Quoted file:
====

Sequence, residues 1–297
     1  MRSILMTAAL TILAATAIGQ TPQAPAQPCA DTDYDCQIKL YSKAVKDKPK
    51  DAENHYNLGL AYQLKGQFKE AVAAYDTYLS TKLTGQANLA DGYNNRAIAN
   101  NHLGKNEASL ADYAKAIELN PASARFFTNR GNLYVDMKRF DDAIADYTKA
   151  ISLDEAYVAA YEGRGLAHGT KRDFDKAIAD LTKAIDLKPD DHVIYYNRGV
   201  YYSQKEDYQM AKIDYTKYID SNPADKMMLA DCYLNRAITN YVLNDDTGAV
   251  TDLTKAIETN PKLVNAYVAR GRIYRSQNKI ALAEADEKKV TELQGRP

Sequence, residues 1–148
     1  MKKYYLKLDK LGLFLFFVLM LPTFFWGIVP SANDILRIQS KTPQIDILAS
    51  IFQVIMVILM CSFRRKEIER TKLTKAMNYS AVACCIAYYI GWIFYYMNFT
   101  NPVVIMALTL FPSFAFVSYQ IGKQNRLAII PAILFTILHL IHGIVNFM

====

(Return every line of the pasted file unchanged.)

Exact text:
Sequence, residues 1–297
     1  MRSILMTAAL TILAATAIGQ TPQAPAQPCA DTDYDCQIKL YSKAVKDKPK
    51  DAENHYNLGL AYQLKGQFKE AVAAYDTYLS TKLTGQANLA DGYNNRAIAN
   101  NHLGKNEASL ADYAKAIELN PASARFFTNR GNLYVDMKRF DDAIADYTKA
   151  ISLDEAYVAA YEGRGLAHGT KRDFDKAIAD LTKAIDLKPD DHVIYYNRGV
   201  YYSQKEDYQM AKIDYTKYID SNPADKMMLA DCYLNRAITN YVLNDDTGAV
   251  TDLTKAIETN PKLVNAYVAR GRIYRSQNKI ALAEADEKKV TELQGRP

Sequence, residues 1–148
     1  MKKYYLKLDK LGLFLFFVLM LPTFFWGIVP SANDILRIQS KTPQIDILAS
    51  IFQVIMVILM CSFRRKEIER TKLTKAMNYS AVACCIAYYI GWIFYYMNFT
   101  NPVVIMALTL FPSFAFVSYQ IGKQNRLAII PAILFTILHL IHGIVNFM